WASHINGTON -- As he heads into his Senate confirmation hearing on Tuesday, Georgia judicial nominee Michael Boggs faces a fresh wave of opposition from Democratic lawmakers and progressive groups determined to sink his nomination over votes he took as a state legislator against gay rights, civil rights and abortion rights.
Rep. David Scott (D-Ga.) on Monday called it "despicable" that President Barack Obama supports Boggs for a lifetime seat on the U.S. District Court for the Northern District of Georgia. Among other things, Boggs has come under fire for past votes as a Georgia legislator to keep the Confederate insignia on the Georgia state flag, to pass a constitutional amendment banning same-sex marriage and to restrict access to abortion.
"Michael Boggs ... voted to keep the Confederate battle flag, the most vicious symbol of racism and oppression and white supremacy that is known to man today," Scott said on the syndicated radio program "Tom Joyner Morning Show." "To have this being done by the first African-American president is shameful, it is painful and it hurts deep."
Boggs will appear before the Senate Judiciary Committee with six other Georgia judicial nominees who are part of an all-or-nothing package the president agreed to last year with Georgia's Republican senators, Saxby Chambliss and Johnny Isakson. The White House has maintained it had to compromise on Boggs to get other Democrat-backed nominees into the package. And compromise it did: Four of the seven nominees are GOP picks, and two are black in a state with a large black population. The tradeoff is that long-empty court seats would be filled.
"We have been trying to fill these judicial vacancies for more than three years, but two of the president's nominees were blocked for nearly 11 months and returned at the end of 2011," said White House spokesman Eric Schultz. "Our choice is clear: do we work with Republican senators to find a compromise or should we leave the seats vacant?"
But key factions of Obama's base, including black members of Congress like Scott, say the president conceded too much by taking Boggs.
"I'm telling you, there's something rotten in this cotton," Scott said during the interview. "It's stinking and it's a foul odor that's coming out of that Senate."
Fellow Georgia Democratic Rep. Hank Johnson described Boggs as "a particularly egregious pick" and said he's lobbying Senate Democrats to reject the confirmation.
"I think the president was given bad advice, and I suppose he’s still proceeding on that bad advice," Johnson said in a Monday statement. "It's not good for the president’s legacy in Georgia insofar as this particular judicial appointment is concerned."
Progressive groups, meanwhile, released a new batch of statements and letters reiterating complaints with Boggs.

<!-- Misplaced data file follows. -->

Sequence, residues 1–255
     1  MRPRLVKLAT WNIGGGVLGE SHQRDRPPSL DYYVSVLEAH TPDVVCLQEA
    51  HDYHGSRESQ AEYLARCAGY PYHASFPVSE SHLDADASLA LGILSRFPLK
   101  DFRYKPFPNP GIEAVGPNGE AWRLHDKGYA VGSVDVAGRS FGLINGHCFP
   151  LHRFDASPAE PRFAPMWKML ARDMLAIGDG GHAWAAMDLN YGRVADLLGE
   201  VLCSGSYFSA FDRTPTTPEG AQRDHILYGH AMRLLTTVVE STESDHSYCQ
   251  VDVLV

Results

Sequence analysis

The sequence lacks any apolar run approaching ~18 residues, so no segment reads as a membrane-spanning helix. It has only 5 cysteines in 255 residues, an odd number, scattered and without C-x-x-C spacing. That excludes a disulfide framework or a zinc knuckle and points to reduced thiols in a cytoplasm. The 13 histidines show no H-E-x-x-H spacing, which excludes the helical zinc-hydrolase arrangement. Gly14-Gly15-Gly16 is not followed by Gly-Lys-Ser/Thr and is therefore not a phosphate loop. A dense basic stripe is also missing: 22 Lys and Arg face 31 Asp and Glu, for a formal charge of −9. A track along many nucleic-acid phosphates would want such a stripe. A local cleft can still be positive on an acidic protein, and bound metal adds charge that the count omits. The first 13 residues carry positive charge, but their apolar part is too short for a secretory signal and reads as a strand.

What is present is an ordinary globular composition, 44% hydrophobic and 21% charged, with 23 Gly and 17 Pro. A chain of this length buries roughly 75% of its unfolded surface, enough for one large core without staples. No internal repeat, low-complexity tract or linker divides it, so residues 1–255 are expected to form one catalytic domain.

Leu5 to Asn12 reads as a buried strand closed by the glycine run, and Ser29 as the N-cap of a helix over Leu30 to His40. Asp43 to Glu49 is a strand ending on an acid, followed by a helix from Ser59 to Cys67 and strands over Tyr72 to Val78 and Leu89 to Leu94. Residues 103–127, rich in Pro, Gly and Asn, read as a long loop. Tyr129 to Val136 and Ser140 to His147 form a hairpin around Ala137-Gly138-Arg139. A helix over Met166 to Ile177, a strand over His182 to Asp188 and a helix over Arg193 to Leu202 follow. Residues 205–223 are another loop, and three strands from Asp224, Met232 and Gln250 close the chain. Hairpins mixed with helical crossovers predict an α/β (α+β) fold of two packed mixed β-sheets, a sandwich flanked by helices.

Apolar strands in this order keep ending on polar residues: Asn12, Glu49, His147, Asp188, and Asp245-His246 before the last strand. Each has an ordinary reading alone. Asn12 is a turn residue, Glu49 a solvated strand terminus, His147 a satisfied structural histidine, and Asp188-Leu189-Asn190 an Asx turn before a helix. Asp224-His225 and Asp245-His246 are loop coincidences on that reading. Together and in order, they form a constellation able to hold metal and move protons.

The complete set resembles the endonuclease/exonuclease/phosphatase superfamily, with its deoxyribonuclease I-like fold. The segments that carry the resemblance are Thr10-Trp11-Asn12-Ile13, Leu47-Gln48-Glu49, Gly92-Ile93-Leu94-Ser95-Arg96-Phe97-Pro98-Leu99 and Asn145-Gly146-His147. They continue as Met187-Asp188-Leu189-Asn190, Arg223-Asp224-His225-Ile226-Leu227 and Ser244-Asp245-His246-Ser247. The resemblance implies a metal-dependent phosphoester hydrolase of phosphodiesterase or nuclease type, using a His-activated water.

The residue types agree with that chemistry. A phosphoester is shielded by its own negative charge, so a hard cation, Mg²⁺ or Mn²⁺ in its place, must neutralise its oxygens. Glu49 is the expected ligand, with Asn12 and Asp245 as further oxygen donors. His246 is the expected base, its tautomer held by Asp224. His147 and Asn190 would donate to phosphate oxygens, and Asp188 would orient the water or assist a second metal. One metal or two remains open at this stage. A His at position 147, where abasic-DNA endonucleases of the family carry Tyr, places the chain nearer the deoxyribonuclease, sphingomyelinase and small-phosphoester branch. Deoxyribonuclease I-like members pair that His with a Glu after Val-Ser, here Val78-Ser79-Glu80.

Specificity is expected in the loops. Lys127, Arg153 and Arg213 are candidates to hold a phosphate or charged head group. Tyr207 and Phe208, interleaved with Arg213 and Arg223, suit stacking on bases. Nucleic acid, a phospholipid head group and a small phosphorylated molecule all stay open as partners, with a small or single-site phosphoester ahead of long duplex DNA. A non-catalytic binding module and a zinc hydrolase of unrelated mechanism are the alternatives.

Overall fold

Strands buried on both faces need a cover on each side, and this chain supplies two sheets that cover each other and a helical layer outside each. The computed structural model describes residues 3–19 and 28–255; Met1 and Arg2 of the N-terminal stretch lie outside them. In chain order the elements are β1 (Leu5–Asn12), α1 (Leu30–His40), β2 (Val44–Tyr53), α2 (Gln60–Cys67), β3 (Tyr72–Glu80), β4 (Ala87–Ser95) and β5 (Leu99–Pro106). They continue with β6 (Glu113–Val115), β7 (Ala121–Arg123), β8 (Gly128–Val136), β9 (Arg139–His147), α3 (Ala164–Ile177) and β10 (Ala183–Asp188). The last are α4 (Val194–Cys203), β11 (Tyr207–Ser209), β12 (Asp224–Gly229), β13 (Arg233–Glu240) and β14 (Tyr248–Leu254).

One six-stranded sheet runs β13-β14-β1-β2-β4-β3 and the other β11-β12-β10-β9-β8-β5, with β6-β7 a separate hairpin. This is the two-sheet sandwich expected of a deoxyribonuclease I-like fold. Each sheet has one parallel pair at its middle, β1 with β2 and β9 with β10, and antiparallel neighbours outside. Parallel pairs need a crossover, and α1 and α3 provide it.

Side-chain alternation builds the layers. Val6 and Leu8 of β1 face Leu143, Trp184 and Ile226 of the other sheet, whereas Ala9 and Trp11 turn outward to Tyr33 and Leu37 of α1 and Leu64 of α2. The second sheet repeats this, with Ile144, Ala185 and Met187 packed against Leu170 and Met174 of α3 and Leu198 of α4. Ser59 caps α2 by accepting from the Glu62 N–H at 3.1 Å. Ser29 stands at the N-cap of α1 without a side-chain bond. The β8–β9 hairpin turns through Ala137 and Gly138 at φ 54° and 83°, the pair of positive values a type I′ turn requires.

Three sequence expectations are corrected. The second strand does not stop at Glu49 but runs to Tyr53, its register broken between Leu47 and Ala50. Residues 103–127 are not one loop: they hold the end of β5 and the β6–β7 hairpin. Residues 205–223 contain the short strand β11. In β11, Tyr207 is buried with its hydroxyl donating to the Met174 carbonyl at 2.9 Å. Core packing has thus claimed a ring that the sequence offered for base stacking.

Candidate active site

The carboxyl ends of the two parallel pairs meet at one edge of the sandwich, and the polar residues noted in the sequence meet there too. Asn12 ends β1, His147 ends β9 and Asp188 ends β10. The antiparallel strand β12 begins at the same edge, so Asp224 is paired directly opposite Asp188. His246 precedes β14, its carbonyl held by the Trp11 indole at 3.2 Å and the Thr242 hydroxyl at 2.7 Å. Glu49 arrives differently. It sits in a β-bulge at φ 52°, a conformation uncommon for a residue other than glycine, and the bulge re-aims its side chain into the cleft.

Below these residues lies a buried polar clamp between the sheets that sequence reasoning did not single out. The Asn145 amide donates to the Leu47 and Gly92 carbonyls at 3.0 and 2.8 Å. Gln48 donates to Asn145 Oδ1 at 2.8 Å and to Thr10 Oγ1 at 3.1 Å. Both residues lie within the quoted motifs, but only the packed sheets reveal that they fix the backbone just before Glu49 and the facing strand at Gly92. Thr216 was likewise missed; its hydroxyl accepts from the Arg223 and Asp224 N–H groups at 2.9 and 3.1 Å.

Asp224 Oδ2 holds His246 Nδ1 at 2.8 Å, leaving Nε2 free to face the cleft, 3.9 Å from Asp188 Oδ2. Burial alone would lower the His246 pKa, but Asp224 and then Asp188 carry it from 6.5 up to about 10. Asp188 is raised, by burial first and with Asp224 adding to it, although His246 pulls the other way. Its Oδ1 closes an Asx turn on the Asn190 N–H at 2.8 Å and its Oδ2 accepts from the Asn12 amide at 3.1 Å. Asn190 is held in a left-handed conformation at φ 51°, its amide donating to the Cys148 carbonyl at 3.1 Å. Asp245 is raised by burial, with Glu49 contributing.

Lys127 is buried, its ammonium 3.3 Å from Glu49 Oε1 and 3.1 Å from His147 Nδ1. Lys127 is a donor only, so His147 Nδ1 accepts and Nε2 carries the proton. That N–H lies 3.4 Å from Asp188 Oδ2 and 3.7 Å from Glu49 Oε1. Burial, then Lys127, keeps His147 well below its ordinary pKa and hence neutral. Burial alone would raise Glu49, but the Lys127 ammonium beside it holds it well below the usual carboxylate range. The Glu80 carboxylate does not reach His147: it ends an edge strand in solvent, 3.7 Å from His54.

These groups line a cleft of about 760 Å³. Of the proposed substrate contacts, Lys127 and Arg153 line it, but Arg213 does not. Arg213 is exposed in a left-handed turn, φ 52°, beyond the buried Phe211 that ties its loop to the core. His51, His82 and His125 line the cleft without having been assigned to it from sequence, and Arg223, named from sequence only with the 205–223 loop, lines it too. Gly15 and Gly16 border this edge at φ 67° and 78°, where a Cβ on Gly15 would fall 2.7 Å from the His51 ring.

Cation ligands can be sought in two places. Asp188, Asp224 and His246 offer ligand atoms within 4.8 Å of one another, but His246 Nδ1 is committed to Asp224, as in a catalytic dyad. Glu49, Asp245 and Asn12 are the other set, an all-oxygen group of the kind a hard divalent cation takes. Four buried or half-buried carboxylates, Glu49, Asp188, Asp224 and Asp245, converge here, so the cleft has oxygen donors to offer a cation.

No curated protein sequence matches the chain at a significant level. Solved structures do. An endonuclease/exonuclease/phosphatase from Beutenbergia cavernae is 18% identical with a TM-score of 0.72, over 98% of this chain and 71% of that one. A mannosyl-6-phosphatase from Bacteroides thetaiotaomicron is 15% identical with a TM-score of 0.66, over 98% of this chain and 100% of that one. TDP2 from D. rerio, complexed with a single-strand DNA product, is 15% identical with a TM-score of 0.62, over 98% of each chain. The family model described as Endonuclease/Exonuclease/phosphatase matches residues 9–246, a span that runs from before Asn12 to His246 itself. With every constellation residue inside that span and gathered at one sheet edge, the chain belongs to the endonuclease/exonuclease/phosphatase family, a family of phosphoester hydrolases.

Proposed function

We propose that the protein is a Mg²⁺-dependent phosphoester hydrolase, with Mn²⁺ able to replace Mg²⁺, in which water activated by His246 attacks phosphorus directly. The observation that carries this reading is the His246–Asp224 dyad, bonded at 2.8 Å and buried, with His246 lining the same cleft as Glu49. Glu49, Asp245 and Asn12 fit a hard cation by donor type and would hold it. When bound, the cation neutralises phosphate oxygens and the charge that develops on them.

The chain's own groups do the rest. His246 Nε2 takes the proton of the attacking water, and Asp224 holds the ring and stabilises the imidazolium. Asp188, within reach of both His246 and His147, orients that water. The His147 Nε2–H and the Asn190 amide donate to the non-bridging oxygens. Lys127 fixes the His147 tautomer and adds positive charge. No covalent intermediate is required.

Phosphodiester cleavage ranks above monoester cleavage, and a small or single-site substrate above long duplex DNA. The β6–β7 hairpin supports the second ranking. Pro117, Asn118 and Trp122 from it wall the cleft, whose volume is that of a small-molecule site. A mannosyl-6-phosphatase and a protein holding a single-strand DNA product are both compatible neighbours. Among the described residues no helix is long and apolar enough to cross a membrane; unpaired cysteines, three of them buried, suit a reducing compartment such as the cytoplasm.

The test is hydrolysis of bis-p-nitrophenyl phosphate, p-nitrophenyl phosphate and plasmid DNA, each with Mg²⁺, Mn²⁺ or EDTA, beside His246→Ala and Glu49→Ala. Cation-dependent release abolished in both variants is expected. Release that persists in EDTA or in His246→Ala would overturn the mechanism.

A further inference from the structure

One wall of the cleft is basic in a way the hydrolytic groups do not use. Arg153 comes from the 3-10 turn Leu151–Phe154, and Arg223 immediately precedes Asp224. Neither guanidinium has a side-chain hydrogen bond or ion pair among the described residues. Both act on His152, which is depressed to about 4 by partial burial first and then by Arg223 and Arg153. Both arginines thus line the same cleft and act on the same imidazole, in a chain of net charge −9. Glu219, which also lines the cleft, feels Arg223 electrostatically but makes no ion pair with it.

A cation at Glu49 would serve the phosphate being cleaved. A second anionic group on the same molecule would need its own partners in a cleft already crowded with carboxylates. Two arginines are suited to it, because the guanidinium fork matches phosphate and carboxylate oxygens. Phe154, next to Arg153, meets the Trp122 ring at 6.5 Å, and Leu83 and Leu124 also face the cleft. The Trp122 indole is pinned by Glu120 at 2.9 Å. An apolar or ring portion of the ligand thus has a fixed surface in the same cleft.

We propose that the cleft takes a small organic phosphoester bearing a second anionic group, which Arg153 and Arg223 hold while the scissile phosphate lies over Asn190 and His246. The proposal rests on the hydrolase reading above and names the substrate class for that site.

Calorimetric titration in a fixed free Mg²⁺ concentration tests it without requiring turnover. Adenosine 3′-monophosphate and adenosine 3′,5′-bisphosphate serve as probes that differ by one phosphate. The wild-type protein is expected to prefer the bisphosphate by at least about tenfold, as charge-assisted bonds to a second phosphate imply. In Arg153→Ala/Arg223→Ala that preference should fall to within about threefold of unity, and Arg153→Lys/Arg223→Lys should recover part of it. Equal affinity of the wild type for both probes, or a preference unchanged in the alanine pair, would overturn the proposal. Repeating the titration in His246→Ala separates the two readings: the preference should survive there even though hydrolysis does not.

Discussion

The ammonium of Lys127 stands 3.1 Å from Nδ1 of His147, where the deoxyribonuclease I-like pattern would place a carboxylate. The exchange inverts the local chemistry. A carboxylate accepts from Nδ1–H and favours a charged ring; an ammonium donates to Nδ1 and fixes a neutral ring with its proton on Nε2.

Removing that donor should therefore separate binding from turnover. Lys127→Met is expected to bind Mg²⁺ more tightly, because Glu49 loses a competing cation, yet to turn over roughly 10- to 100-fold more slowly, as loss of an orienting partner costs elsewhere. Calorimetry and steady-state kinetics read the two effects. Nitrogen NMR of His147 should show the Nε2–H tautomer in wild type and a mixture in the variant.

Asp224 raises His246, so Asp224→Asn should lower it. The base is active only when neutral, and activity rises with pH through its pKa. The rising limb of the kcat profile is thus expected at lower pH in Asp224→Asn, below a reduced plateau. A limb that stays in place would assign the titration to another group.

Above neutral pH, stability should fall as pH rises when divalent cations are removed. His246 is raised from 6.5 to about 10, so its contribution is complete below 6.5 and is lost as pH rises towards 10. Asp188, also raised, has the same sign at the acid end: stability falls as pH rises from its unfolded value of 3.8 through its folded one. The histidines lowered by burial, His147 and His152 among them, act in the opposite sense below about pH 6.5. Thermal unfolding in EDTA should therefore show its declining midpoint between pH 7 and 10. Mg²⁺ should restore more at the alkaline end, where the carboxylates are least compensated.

The Human Rights Campaign, which advocates for lesbian, gay, bisexual and transgender rights, published excerpts from a 2004 speech that Boggs gave in the Georgia House in favor of banning same-sex marriage.
"Boggs urged his fellow legislators to vote for the proposition stating that, 'I tell you, and I submit to you, that whether you're a Democrat or whether you're a Republican, whether you’re from a rural area like myself or whether you represent an urban area, we have opportunities seldom in my short tenure in the legislature, to stand up for things that are common-sensical, things that are premised on good conservative Christian values, and in this instance in particular, to support the sanctity of marriage,'" reads a Monday post on Human Rights Campaign's website.
"Through this clear and unapologetic record Boggs has signaled his hostility towards issues of equality in his home state as an elected official," reads the post. "If confirmed, Boggs' could entrench these destructive, anti-equality values on the federal bench for generations to come."
The Leadership Conference on Civil and Human Rights, the nation’s oldest civil rights coalition, sent a letter to senators expressing "serious concerns" with Boggs.
"The Senate Judiciary Committee must carefully scrutinize Michael P. Boggs’ views on race discrimination. Mr. Boggs should be asked what the Confederate battle flag symbolizes to him and to African Americans and why he believes that flag should have continued to fly over Georgia nearly 50 years after Brown v. Board of Education," reads the letter. "His views on all forms of discrimination should be explored."
The National Council of Jewish Women flat-out urged the committee to reject Boggs.
"Judge Boggs' record on reproductive rights, civil rights and LGBT rights is especially troubling in a nominee for a lifetime seat on the federal bench," reads a statement from the group's CEO Nancy Kaufman. "Georgia, and the nation as a whole, deserves a judge with a proven commitment to equal justice and constitutional rights."
NARAL Pro-Choice America has been campaigning against Boggs for months. Ilyse Hogue, the group's president, told The Huffington Post she plans to attend Boggs' hearing and will be live-tweeting throughout.
The committee will kick off its Tuesday hearing at 9:30 a.m.